Ephebiphobia (adolescent Phobia): Symptoms, Causes And Treatment

A type of specific phobia oriented against young people and adolescents in general.

Ephebiphobia

Adolescence is one of the most important life stages, a process of transformation and maturation both at a biological and cognitive level that takes us from childhood to adulthood. It is a difficult stage for those who live it, full of new experiences and the search for their own identity.

But in general it is not difficult only for the adolescent, but also for the adults around them: the behavior and way of thinking of adolescents, the change of roles and a possible but habitual rebellion towards authority make that they often exist small conflicts.

Although it can be a complex stage for most people, it ends up passing without invalidating anyone’s day to day. Yet some people feel genuine dread, on an irrational level, when exposed to contact with adolescents. This is what happens in ephebiphobia, a condition that we are going to talk about next.

Ephebiphobia: what is it?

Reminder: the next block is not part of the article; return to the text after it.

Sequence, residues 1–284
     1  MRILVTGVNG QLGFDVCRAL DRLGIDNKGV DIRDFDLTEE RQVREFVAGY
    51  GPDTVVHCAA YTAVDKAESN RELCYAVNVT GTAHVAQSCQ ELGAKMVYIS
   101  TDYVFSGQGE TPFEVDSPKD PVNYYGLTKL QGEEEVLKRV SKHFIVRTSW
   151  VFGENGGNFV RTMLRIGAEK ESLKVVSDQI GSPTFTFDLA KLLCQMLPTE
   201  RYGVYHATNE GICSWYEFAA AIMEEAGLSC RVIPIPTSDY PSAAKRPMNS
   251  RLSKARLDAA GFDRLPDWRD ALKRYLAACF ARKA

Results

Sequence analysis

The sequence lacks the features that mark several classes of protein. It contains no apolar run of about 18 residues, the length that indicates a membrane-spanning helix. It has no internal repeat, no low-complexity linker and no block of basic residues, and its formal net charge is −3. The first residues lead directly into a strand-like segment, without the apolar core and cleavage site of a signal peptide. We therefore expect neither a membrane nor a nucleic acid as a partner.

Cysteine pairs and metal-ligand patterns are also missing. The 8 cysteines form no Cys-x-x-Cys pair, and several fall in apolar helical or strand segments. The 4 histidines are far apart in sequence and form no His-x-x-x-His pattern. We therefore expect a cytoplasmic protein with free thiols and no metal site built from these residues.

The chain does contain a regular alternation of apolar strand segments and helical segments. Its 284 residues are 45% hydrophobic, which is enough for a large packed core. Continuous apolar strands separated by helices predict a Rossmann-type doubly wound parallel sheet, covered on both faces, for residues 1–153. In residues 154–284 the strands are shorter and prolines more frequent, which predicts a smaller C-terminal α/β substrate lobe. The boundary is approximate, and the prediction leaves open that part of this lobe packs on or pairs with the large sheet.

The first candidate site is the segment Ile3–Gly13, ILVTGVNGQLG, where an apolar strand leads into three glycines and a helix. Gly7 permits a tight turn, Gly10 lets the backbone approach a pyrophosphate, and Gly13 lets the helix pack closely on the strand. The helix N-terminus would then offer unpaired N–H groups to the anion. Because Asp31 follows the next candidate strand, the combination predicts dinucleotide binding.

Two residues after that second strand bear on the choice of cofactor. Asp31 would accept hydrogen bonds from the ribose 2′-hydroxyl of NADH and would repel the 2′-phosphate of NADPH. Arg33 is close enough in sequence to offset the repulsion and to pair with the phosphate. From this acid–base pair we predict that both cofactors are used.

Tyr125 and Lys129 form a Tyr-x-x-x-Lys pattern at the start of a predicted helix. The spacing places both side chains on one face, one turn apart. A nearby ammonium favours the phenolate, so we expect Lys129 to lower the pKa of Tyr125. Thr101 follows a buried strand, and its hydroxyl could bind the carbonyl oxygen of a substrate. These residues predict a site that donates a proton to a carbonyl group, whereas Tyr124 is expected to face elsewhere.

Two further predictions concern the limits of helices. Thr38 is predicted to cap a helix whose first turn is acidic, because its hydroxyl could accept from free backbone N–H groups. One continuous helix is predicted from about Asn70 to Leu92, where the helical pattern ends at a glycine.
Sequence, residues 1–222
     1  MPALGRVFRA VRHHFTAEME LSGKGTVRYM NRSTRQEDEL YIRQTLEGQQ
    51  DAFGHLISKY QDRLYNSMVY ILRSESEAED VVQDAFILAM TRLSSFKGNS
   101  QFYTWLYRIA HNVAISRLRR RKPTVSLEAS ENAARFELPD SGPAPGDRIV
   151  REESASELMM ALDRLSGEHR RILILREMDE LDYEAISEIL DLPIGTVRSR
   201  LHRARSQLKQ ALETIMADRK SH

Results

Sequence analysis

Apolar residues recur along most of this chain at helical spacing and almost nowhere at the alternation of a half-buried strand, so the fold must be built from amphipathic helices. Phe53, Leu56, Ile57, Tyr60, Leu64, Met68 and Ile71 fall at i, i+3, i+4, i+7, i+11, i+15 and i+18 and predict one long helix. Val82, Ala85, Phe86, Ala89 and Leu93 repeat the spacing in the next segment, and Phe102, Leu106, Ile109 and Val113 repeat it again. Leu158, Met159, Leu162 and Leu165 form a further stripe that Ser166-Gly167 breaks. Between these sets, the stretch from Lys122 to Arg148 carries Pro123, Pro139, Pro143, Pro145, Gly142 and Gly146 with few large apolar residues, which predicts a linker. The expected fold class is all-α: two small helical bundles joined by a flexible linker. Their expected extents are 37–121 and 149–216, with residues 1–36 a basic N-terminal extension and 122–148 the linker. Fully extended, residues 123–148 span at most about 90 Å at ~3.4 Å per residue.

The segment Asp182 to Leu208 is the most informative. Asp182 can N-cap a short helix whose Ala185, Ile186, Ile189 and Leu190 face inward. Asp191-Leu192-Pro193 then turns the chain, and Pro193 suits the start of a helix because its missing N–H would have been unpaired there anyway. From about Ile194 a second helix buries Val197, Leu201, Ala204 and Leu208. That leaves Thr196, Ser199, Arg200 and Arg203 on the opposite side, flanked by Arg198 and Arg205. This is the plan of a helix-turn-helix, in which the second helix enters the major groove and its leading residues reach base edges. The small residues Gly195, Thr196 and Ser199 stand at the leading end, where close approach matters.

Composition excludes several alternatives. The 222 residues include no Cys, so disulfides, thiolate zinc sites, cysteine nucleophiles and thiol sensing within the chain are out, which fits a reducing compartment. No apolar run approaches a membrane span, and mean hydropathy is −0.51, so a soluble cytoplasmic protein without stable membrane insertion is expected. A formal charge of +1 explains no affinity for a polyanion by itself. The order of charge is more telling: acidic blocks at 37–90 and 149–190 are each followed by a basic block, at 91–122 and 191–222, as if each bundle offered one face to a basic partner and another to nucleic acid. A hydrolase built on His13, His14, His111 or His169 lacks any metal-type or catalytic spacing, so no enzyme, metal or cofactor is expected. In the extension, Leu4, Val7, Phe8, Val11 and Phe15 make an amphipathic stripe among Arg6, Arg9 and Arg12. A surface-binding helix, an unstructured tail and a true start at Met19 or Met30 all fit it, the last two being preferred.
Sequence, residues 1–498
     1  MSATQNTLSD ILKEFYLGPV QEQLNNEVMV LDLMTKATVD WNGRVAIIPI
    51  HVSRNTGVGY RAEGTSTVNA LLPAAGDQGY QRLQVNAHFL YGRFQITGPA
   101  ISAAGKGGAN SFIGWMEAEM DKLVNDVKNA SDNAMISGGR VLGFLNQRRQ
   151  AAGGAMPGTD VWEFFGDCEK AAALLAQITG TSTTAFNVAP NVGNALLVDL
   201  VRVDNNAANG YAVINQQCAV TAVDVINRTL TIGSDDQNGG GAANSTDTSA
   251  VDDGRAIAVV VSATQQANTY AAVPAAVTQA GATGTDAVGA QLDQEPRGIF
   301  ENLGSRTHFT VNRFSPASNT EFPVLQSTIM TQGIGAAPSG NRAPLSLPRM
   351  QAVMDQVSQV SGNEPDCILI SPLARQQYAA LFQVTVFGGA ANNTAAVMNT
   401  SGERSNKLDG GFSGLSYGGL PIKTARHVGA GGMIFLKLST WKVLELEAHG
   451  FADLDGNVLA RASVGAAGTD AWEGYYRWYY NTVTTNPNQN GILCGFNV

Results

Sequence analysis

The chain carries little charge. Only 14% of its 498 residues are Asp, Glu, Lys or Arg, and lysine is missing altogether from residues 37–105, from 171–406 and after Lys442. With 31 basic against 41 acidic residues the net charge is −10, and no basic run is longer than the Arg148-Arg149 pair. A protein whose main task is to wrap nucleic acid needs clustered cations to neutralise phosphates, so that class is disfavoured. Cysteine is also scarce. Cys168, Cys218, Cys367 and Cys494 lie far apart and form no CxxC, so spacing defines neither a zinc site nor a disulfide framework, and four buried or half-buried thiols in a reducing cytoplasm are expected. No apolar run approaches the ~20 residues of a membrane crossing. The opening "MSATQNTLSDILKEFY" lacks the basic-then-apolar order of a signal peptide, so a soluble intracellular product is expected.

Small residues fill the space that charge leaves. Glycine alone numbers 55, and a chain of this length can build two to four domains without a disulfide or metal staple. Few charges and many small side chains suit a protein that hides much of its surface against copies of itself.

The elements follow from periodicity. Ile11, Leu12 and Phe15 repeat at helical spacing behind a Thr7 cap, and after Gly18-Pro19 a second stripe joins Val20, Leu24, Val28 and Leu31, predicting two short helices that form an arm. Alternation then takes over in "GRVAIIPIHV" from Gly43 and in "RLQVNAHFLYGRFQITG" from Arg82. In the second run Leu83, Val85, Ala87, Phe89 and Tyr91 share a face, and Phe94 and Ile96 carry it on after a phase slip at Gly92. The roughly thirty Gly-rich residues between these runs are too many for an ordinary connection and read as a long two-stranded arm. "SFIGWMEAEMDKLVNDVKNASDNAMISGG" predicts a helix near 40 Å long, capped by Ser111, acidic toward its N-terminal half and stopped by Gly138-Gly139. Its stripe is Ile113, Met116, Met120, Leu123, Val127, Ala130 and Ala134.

It receives the name of ephebiphobia or ephebophobia to the specific phobia of adolescents and young people. It is a true although unusual phobia, which would be considered of a specific type although it has a strong link with social phobia. Although technically ephebiphobia would have to refer to adolescents, since its conception it has referred not only to that age but also to young people up to 35 years of age.

As a specific phobia that it is, it supposes the emergence of a powerful panic before a specific stimulus or situation, in this case adolescents.

Said fear appears in an irrational and exaggerated way in relation to the possible risk posed by the presence of the feared, and the mere idea of ‚Äč‚Äčexposing oneself to it generates such a level of anxiety that an anxiety attack can occur, appearing physical symptoms such as tachycardia , hyperventilation, tremors, hyperhidrosis and even the belief that you are dying, losing control of your own body or even sanity. In addition, this fear and anxiety are so strong that they lead the person to make active efforts to avoid as much as possible the stimulus they fear or situations or stimuli that may have been associated with it.

It is also worth mentioning that in addition to fear itself, at a social level it is also sometimes called ephebiphobia or ephebophobia to the tendency to think badly about youth and adolescence and their way of acting today, or to hate, despise, undervalue and feeling rejection of youth without any cause, also in a way that is often irrational and biased by stereotypes and prejudices (similarly, for example, to what happens with homophobia or transphobia).